"Straight" talk: U.K.'s Lloyd Newson tackles more risky business.
In his newest work Newson, 51, has returned to the interview format but considerably widened his focus. To Be Straight With You is 80 or so minutes of verbatim theater culled from 85 in-depth interviews, plus man-on-the-street interviews, all done in the U.K. Its subject matter is the dichotomous and often life-threatening relationship between homosexuality and cultural or religious intolerance. The production, which comes to the U.S. this fall at Peak Performances in Montclair, NJ (as well as visiting Dartmouth College and University of North Carolina, Chapel Hill) makes brilliant use of spoken and pre-recorded text, dance, and digital animation to bring its complex points home.
Newson has never failed to champion content over form. "So much dance and theater is often middle-class rambling. It shouldn't be just about a dancer's ability to come up with extra-nice phrasing, or my ability to construct nice movement. To me that's secondary. I want what DV8 does to be urgent, to be about this time, and to engage with important issues."
The piece champions rational thought in the face of virulent homophobia. In turn, Newson says, "The only thing I'm critical of in terms of the Islamic, Christian, or Jewish religion is those passages in their literature that suppress other people or suggest violence to them. That's when I challenge them. I'm not going to anesthetize half my brain because I'm told I must respect a culture blindly. Every community needs to be open to scrutiny. Why should I respect something that wants my death?"
Finding interviewees--and then performers--who were willing to tackle such sensitive, hot-button topics was tricky. The next hurdle was artistic. Working with a cast of nine dancer-actors, Newson's task was formidable. "This is one of the hardest projects I've ever worked on. How do you match dance, which is largely an abstraction, with the highly naturalistic language of conversational interviews? If you do nice-nice dance movement--and most dance movement is nice because it's built around an aesthetic--and someone's talking about being raped and beaten, it's insulting and reductive." Solutions arose from hours of painstaking improvisations. In the finished product the performers move in striking, superbly integrated ways as they speak, and in styles ranging from a mirror-image Bharata Natyam duet to an ensemble line dance to rope skipping.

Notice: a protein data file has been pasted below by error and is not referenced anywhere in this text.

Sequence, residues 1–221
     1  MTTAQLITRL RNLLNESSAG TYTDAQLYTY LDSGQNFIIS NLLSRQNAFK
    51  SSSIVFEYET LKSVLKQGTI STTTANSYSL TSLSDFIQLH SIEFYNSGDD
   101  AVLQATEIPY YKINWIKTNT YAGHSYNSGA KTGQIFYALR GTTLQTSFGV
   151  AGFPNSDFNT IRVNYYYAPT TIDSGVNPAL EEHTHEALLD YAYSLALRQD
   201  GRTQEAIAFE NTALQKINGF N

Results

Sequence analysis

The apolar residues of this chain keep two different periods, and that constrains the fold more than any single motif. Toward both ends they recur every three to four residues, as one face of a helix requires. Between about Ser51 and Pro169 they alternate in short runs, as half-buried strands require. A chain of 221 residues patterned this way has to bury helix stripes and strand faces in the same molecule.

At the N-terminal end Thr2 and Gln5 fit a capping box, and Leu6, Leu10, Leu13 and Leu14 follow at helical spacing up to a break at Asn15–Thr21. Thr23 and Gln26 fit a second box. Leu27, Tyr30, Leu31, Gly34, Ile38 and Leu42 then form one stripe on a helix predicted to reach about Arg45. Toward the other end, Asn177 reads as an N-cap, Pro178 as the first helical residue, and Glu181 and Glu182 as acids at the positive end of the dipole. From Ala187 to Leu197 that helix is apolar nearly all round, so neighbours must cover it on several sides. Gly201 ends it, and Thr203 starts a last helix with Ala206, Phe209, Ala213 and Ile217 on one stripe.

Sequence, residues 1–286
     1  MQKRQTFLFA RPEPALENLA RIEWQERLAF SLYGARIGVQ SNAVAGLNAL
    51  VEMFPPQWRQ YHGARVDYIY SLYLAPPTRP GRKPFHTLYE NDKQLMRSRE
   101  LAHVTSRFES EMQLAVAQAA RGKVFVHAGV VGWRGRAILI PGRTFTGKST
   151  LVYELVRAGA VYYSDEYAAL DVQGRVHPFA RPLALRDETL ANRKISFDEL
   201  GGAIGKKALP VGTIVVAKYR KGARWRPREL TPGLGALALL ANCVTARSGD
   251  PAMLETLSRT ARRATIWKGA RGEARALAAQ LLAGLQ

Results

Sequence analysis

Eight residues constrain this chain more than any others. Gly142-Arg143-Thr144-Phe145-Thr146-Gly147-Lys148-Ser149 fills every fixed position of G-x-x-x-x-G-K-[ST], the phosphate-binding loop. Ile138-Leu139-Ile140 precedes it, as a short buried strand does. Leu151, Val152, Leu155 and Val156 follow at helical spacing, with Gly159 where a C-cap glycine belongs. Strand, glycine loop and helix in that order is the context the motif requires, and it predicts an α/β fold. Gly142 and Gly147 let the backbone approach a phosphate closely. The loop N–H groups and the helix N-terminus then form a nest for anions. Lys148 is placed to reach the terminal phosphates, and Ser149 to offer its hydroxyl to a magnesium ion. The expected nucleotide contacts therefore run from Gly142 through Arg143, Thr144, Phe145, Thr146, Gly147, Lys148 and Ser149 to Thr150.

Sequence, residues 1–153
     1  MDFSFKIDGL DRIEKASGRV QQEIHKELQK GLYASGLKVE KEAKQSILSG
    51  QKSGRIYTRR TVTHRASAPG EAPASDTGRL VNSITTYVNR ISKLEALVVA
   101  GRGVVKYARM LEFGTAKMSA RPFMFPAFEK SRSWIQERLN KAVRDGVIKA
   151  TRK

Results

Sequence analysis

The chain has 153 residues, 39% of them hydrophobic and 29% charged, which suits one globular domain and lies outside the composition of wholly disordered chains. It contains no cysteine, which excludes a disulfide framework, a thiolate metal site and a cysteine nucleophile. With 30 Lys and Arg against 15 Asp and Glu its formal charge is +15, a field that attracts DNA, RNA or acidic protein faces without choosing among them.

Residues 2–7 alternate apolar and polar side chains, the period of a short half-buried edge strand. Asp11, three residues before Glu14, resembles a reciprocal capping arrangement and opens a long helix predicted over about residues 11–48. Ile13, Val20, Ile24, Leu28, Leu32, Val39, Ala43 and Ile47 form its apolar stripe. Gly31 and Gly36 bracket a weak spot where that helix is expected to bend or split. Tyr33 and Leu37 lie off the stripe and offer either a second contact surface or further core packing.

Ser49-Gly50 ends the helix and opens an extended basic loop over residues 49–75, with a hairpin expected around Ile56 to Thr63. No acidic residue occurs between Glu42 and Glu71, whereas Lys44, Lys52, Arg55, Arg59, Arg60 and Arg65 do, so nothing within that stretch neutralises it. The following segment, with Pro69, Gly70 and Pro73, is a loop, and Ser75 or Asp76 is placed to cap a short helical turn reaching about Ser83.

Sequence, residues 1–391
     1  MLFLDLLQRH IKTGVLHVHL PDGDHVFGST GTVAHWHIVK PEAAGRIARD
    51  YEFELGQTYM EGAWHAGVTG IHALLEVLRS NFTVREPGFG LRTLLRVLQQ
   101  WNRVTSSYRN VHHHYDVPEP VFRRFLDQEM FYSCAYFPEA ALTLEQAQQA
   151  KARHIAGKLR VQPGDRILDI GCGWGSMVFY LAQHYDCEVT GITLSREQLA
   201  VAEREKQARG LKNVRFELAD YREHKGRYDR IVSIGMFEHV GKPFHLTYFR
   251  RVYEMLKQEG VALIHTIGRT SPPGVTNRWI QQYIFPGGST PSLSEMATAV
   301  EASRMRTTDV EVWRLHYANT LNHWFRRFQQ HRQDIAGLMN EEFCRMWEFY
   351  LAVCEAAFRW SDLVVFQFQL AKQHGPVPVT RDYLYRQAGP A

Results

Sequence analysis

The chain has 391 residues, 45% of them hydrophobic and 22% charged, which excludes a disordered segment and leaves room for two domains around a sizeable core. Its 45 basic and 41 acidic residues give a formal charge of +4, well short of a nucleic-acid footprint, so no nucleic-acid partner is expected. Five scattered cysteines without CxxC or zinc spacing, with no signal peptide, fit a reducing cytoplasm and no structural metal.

According to Jed Wheeler, executive director of Peak Performances, "Lloyd Newson is an artist of considerable world impact--of the caliber of Bill T. Jones, Bill Forsythe, and Pina Bausch. They ask audiences to rethink the art form. This year artists are focusing on tolerance and intolerance. I love the idea that Lloyd's including Islamic homophobia--talk about taboos!" Wheeler takes special pleasure in the hard-to-define nature of Newson's work. "He uses a combination of communication tools--some physical, some visual, some text-based. He doesn't conveniently fit the dance matrix."
For his part, Newson isn't much bothered by categories. "I think it's an absolute dance piece because every movement is choreographed. It's also a theater piece because there's almost nonstop talking." Unsurprisingly, he sought legal advice throughout the creative process. "Somebody came in to ensure that nothing onstage contravened any of the new legislation; that we weren't doing anything libelous or inflammatory; and that all of it could be deemed good, honest and documented journalistic material," Newson says. "Sometimes that meant presenting honestly the views of religious homophobes, even though I might not support their position. In the end, because these are real stories, the contradictions and complications that emerge are authentic."